On the Society of Broadcast Engineers EAS Exchange email discussion list, Manny Centeno, EAS test program manager at FEMA IPAWS, shared his thoughts on the Nov. 9, 2011, national EAS test.
Washington - Nov 14, 2011
After careful thought, I wanted to post my observations on the Nationwide EAS Test here first as a fellow broadcaster. Over the years, I've seen much good accomplished with EAS as someone who has sat on both the private and public sectors. Because of this Test, I, along with thousands of others in the industry, view EAS with new-found respect for the complexity and intricacy of the system and with more determination to see it improve.
The EAS was established in 1994 primarily to provide the president of the United States with a capability to reach the American people in times of extreme national emergencies. Thankfully, we've been fortunate such an emergency has never happened. While the EAS has been there for a long time,other technologies such as email, smart phones, and social media, have given the false impression that the EAS is an alert and warning tool that is of no relevance to modern day. Luckily, the test has raised the public consciousness to a level where we, as broadcasters, can educate them of its daily relevance for life saving alerts and its resilient nature with improvements and future CAP integration.
The first-ever nationwide test of the EAS was long overdue. Conducting a test of that magnitude was much debated over the years. Finally, this year, many thousands of broadcasters, cable, wireline and satellite professionals came together to give the never-used National EAS a real test drive, preparing for the worst and hoping for the best. None of us ever thought it would be a perfect outcome - in fact we even identified the pitfalls beforehand and set expectations for what EAS is and is not to our industry. The EAS was tested at the national level because we all knew it was necessary and a valuable learning experience for identifying limitations. No matter the outcome, our collective goal was always simple: we were going to fix EAS. As we look at the many "lessons learned" and identify areas for improvement, lets keep focused on making sure it continues to be ready while improvements are made.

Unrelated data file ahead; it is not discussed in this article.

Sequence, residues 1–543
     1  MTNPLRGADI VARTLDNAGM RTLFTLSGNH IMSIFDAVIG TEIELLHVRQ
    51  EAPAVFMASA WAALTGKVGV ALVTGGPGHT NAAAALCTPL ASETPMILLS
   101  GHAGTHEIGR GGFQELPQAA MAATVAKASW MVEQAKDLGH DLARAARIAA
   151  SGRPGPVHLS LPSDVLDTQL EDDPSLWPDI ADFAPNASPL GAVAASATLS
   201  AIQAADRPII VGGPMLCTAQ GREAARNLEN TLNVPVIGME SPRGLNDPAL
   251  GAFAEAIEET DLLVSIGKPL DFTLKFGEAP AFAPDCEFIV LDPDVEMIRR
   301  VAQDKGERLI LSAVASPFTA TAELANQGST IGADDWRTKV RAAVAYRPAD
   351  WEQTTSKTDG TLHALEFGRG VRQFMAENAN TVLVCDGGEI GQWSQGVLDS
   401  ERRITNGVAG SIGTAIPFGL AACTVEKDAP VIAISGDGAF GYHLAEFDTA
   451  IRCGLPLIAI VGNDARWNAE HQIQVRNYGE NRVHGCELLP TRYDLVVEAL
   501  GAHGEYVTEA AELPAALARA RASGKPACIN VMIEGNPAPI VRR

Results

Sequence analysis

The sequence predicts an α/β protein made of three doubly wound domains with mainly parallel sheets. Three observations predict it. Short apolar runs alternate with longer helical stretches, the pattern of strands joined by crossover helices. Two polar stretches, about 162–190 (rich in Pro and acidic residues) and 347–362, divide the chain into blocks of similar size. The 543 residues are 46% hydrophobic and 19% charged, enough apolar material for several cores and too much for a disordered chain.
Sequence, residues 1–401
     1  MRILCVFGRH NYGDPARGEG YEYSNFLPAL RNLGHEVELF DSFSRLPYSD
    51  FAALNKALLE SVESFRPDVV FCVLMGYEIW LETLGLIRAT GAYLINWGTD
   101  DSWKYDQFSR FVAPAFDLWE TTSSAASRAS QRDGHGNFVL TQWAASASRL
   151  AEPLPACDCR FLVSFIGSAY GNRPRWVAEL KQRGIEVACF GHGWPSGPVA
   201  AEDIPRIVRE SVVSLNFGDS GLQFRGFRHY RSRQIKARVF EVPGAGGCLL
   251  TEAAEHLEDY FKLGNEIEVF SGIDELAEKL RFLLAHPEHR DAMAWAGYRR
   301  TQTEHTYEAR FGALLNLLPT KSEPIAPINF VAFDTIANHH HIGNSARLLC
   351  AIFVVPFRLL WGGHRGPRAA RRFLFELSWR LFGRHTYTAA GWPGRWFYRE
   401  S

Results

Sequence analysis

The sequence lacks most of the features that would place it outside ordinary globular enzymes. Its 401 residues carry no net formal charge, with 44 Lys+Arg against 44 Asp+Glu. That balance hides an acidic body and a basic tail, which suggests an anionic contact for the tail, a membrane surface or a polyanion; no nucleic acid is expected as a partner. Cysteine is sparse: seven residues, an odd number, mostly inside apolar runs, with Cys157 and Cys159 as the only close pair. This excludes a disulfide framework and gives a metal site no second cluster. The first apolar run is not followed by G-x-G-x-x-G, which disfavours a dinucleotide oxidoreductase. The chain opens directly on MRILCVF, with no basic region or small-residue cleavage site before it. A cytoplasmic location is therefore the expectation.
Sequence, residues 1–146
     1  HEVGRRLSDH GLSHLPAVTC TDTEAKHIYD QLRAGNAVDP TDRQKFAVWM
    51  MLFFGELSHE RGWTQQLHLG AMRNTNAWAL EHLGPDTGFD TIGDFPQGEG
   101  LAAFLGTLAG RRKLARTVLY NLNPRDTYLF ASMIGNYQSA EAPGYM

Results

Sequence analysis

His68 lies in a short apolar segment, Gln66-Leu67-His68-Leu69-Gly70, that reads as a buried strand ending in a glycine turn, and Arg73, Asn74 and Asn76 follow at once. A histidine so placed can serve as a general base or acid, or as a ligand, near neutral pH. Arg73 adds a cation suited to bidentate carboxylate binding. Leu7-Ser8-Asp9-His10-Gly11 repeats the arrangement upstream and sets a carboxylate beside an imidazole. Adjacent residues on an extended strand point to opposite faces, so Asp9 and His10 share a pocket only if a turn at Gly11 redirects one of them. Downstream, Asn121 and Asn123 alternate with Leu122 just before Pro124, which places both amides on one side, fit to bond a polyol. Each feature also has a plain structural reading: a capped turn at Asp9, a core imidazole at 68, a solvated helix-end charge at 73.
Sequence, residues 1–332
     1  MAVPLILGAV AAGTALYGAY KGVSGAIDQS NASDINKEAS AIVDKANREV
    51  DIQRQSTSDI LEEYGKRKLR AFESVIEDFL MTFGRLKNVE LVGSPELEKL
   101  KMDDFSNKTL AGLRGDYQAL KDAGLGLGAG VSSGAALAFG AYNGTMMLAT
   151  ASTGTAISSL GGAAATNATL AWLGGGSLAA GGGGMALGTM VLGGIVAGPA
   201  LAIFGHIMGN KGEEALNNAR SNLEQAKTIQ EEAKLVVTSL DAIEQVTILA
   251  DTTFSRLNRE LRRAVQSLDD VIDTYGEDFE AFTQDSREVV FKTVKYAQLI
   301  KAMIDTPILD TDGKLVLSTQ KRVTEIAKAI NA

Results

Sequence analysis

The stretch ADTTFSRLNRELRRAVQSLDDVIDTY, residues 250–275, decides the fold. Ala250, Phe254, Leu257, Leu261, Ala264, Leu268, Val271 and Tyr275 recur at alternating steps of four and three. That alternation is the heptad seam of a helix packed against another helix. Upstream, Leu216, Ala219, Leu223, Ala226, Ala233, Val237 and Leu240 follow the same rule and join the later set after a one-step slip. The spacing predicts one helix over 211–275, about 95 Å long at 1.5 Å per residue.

Conducting a test of this magnitude, depth, and breadth took courage... so, we did it.
Regardless of the shape of the audio message any of us heard on November 9th, it is important to note that the activation worked and spread all over the country. Some areas did not receive it at all and some heard an incomplete message. The fact of the matter is: Millions of Americans, coast-to-coast, heard the message- even with warts and all.
It is expected that this type of event will attract some that will ridicule the effort, its process, outcome, and even future. These are usually the folks that do not understand the EAS or its purpose. It is my hope that we continue to work together to better educate our communities and the nation on the importance of this tool and push forward with improving it.
For the first time in almost two decades we and others with a new-found, vested interest are paying very close attention to the EAS. The support, and yes, even the scrutiny, will motivate all of us to incrementally improve, continue to exercise, and make it the robust public safety tool it should have been a long time ago.
Let's continue to strike while the iron is hot.
As a fellow broadcaster, this test has only reinforced how proud I am to be a part of an industry that is a steward of critical information that will save lives, but also wants to enrich this tool and see the EAS finally reach its full potential.
Thank you all.
EAS test program manager, FEMA IPAWS